The globally-appealing brand, Yuyo Drinks, finds international success in markets such as the US, Sweden, France, and now Brazil.
Shaftesbury-based drink brand, Yuyo, has announced it will export its innovative range of Latin American-inspired drink infusions to Brazil this year as part of its exporting growth plans.
The business, which already exports to seven countries worldwide, boosted its international orders by 42% between 2015 and 2017.
Yuyo was founded in 2016 by Rosie Marteau and Charles Grummit after they travelled to Latin America and discovered yerba mate, a ‘super herb’ that is used in many traditional South American drinks. The company now stocks a range of yerba mate drink infusions across the UK through retailers like Ocado, Whole Foods and Revital. It also has its own e-commerce site.
Due to Yuyo’s globally-appealing brand, the business has found international success in markets such as the US, Sweden and France.
Exporting currently makes up 40% of the company’s £100,000 annual turnover and Rosie and Charles now plan to increase this further by exporting to Brazil in the next three months and target Australia in 2019.
To support its exporting operations, the company received support from the Department for Environment, Food & Rural Affairs (Defra) and Department for International Trade (DIT), who helped the business identify new international markets and register its intellectual property in the US, Europe and Australia.
As part of the Food is GREAT campaign, Defra and DIT are supporting many businesses to take the leap and sell their food and drink products abroad. The campaign is a cross-departmental initiative to showcase the calibre of UK food and drink overseas and help firms build new exporting relationships.
Rosie Marteau, co-founder of Yuyo, said:
“Exporting has always been fundamental to our business plans as we knew our products could have a global appeal. We’re finding international buyers are increasingly associating UK goods with high quality and on-trend packaging, and we’re looking to tap into this even more by reaching out to new markets including Brazil. Brazil is the home of yerba mate itself, but it looks to Europe for innovative brands like ours.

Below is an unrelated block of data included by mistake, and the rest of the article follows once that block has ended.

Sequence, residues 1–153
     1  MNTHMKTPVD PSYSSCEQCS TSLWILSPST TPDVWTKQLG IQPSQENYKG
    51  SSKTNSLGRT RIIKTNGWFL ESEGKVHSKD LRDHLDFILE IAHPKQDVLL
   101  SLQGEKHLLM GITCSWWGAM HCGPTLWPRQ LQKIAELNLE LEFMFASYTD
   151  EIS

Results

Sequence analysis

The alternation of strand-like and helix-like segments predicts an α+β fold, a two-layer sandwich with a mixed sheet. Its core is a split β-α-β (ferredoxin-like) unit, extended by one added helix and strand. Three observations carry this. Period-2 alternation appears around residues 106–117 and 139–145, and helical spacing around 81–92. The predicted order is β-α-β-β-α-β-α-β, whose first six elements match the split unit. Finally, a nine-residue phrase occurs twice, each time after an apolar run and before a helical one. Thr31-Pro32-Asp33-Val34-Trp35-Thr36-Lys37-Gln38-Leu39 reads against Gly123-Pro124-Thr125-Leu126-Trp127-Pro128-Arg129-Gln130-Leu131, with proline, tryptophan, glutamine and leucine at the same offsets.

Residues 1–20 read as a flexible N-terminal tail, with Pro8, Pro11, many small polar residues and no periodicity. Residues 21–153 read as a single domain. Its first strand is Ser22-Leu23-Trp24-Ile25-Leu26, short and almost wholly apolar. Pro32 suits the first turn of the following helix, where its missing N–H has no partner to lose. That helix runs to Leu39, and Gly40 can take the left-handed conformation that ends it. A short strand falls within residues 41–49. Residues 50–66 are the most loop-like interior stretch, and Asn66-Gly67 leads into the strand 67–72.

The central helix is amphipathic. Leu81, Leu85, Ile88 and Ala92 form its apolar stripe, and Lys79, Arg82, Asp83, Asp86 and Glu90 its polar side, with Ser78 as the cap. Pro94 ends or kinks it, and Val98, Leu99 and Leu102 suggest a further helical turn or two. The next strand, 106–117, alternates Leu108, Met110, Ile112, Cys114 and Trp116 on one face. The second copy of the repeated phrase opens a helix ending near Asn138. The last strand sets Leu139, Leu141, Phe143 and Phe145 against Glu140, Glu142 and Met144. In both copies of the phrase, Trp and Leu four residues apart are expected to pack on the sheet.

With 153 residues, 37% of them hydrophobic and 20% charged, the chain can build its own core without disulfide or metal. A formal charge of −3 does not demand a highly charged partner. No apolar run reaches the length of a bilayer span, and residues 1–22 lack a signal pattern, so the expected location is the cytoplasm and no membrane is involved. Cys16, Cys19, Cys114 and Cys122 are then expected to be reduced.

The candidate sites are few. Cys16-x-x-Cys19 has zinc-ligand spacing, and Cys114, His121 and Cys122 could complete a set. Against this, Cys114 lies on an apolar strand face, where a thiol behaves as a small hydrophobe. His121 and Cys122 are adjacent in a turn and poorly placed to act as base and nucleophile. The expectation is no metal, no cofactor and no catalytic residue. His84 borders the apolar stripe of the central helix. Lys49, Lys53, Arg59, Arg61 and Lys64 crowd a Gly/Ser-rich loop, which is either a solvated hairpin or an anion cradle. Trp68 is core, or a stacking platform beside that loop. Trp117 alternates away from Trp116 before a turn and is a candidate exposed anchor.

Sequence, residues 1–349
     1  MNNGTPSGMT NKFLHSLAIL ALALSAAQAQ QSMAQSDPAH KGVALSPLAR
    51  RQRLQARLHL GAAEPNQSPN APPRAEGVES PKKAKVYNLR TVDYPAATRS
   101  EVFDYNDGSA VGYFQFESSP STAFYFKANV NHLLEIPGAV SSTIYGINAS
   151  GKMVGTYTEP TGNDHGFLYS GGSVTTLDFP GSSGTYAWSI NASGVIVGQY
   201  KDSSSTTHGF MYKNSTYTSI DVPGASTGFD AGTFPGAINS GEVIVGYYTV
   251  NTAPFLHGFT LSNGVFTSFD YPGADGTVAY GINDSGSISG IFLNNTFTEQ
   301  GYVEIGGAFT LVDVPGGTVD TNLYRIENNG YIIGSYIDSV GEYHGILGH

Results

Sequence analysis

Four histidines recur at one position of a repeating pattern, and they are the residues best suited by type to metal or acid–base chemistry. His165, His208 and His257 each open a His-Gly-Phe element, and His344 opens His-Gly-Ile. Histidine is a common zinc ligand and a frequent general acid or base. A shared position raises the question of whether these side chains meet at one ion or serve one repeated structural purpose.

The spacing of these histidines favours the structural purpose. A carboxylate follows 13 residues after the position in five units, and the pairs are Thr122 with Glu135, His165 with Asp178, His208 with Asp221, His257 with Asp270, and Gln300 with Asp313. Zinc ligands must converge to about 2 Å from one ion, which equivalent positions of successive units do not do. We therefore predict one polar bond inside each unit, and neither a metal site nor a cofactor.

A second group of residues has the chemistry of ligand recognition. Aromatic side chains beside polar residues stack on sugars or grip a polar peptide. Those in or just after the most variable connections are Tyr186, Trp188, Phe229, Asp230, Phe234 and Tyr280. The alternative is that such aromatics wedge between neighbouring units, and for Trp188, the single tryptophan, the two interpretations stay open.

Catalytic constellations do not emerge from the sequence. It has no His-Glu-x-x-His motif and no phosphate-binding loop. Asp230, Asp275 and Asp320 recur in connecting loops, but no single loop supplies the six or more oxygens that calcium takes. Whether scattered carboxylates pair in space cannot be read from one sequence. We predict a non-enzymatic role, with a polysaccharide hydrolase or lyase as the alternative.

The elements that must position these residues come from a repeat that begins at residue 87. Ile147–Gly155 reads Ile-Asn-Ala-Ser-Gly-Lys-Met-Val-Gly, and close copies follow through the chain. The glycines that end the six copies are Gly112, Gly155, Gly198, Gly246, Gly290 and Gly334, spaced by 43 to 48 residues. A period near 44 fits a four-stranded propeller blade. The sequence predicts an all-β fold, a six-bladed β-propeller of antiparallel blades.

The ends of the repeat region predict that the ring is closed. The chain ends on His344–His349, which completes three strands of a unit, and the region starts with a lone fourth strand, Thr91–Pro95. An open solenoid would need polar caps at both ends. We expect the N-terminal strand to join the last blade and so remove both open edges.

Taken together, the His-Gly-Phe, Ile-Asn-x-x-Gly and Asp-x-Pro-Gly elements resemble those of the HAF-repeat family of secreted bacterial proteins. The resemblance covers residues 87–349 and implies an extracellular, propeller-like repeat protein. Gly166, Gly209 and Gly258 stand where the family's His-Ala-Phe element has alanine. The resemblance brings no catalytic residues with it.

“Of course, exporting is not without its challenges. One of the main factors we had to consider was regulation around ingredients and labelling. It’s very expensive to redesign packaging for a global market. We found a way around this at first by putting ingredients stickers over our current packaging so that it complied with international guidelines. This also gave us the flexibility to test our products in different markets without having to spend too much money. Once we'd proven our ability to trade internationally we created packs with seven different world languages on the back.
“We’ve been working with DIT in the South West since we launched two years ago and their support has been vital. The team host ‘meet the buyer’ events for us to network with potential clients and distributors, which has resulted in increased business globally. The best advice I could give to firms looking to export would be to see it as an extension of their current operations. The hard part of launching a product has already been done, so there’s no reason not to expand your prospects to include overseas buyers too. If we can do it, so can others.”
Paul Shand, DIT’s Head of South West, said:
“Yuyo is a great example of a local business that’s harnessing the wide range of benefits exporting can bring. It’s encouraging to see such a young company target new markets like Australia as well as continuing to make in-roads into its established markets, like the US and Europe.
“We know that firms that trade internationally are more successful, profitable and resilient than their non-exporting counterparts. Exporting for the first time can be seen as a challenge, particularly for firms with limited time resource and capacity, but that’s why we have a team of International Trade Advisers in the South West to guide firms through the exporting process. Our advisors can help companies target new territories and advise them on matters such as tax, regulation and logistics.”
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